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ABS Brake Recall

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  #161  
Old 03-29-2018, 06:47 AM
GalvTexGuy
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Waaaay too much information!
 
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  #162  
Old 03-30-2018, 11:08 AM
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Originally Posted by foxtrapper View Post
The military wanted a brake fluid that was more environmentally stable, among other standards. A fluid that would not absorb water in a humid environment, a fluid that would not freeze in cold environments, a fluid that could be left in vehicles for long term storage. Silicone satisfied that requirement. Current milspec is MIL-PRF-46176B.

You can download a copy of the current milspec here:
http://everyspec.com/MIL-PRF/MIL-PRF...F-46176B_6492/

It is worth note that the milspec is different than the NHTSA DOT5 spec. The various NHTSA DOT brake fluid specifications can be downloaded here:
https://www.gpo.gov/fdsys/pkg/CFR-20...sec571-116.pdf

Silicone fluids have no special attractive properties related to oxygen. However silicone fluids can suspend or otherwise retain more air suspended in the fluid than glycol. Excerpted from SAE J1705, Appendix A, A.2.2.8,
"It has been reported that dimethyl polysiloxane fluid, which is a major part of silicone-based, low water-tolerant type brake fluids can typically contain dissolved air at a level of 16% 3% by volume at standard temperature and pressure. This compares with a typical level of 5% 2% by volume of dissolved air for glycol ether based type fluids."

This suspension of air can create a more spongy brake pedal feel than glycol fluids. Coming from that same SAE J1705 standard; "An increase in brake pedal travel may be experienced under severe operating conditions, especially at higher altitudes and high temperature conditions."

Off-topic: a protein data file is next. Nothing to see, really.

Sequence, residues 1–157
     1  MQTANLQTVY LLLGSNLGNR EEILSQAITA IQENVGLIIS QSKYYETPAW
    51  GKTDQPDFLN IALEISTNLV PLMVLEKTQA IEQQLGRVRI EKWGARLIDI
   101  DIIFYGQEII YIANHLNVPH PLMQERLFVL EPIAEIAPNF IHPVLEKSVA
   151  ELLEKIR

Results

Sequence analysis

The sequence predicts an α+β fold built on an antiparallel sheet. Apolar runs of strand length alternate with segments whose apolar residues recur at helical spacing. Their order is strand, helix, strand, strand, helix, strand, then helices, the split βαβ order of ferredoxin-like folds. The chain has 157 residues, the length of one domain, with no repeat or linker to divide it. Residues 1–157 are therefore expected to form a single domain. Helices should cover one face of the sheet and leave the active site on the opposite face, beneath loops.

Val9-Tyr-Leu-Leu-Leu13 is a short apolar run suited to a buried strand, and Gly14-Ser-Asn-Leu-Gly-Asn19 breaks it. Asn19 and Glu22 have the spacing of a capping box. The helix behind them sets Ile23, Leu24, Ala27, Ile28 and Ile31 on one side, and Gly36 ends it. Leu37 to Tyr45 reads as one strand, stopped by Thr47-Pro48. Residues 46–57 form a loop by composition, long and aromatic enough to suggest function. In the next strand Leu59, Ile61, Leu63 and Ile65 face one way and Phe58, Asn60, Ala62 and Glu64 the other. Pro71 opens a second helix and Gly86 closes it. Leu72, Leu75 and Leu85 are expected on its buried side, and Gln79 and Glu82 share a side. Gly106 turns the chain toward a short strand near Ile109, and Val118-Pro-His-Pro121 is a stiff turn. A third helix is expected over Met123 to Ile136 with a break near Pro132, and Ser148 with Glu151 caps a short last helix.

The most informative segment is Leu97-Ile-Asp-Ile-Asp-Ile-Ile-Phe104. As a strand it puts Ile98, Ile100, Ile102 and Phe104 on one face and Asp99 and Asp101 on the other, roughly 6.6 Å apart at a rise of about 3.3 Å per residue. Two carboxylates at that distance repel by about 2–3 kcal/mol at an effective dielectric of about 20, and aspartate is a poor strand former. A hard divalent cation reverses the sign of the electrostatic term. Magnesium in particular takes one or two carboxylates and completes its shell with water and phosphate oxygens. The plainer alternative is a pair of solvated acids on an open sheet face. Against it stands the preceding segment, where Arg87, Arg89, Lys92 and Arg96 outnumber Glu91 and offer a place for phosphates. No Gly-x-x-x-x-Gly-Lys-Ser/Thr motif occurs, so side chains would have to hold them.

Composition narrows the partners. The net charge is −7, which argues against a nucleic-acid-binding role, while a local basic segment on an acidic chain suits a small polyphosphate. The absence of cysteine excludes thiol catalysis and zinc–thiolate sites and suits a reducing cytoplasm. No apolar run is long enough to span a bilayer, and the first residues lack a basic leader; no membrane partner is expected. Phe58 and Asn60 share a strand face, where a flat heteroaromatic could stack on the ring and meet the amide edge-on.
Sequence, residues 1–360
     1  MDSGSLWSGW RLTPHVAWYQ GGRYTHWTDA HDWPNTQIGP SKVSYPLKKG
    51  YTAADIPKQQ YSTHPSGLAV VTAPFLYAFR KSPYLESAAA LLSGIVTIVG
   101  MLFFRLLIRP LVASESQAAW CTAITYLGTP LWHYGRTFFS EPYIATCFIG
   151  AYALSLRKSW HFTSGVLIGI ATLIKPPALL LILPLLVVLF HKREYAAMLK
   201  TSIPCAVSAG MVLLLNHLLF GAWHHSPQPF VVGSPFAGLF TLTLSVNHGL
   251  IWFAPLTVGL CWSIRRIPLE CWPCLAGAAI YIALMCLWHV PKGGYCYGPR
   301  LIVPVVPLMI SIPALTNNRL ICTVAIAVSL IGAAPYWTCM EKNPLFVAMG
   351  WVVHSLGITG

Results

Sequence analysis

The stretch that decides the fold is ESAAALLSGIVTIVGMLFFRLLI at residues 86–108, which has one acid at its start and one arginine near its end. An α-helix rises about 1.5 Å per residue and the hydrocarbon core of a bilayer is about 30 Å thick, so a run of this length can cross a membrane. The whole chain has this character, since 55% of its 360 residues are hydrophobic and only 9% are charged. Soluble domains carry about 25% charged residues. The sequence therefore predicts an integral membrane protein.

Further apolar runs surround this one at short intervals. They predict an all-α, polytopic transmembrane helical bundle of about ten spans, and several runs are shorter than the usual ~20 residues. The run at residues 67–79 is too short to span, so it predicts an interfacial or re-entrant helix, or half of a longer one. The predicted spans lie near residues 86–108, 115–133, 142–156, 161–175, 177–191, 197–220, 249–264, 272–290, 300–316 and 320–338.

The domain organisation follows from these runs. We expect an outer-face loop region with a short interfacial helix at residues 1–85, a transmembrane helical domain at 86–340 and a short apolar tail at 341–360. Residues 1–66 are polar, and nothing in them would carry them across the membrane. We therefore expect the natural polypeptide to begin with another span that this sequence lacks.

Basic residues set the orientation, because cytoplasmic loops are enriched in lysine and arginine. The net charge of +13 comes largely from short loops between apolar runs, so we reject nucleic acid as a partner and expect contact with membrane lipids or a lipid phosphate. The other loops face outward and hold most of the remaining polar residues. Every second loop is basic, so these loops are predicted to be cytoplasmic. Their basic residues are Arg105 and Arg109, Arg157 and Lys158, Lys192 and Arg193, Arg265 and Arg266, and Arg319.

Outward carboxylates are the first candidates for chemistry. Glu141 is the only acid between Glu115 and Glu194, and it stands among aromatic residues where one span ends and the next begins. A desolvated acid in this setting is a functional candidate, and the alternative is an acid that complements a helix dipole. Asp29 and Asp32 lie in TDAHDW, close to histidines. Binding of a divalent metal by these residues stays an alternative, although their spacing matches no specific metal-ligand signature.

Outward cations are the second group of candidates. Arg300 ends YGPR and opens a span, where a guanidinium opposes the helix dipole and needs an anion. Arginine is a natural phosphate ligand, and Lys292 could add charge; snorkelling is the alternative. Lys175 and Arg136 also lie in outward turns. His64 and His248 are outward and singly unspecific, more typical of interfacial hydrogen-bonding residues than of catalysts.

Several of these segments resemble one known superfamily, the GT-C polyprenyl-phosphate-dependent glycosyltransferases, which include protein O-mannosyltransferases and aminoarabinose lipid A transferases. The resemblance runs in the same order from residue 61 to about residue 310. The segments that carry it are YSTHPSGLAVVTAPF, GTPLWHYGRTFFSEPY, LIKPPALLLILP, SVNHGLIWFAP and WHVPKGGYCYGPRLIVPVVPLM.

I know of no free download of SAE J1705. However one can download it here:
https://www.sae.org/standards/content/j1705_199505/

This air retention and foaming or sponginess has been used as the basis of the claim that silicone brake fluids are unsuitable for use in ABS systems. The claim being that the rapid cycling of the hydraulic components in the ABS module would froth the fluid. Where the air would come from is left unexplained.

However, the Army commissioned a study on this. The results of this study showed silicone fluid to be incompatible with ABS systems. Not for frothing reasons, but for wear problems owing to the lower lubricity of silicone fluids.

This military report can be downloaded here:
https://events.esd.org/wp-content/up...quirements.pdf

And as a semi-sidebar, the military also investigated claims of silicone brake fluid suddenly becoming highly compressible in non-abs vehicles, resulting in catastrophic brake failure. The results of the study contra-indicated these claims, showing the cause to be conventional brake fade.

This military report can be downloaded here:
http://www.dtic.mil/dtic/tr/fulltext/u2/a251835.pdf

Ok.... I admit it, you do a much better job of being Cliff than I do.....

I'd rather be Norm anyways.....

 
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  #163  
Old 04-02-2018, 05:50 PM
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Okay.... Serious follow up question.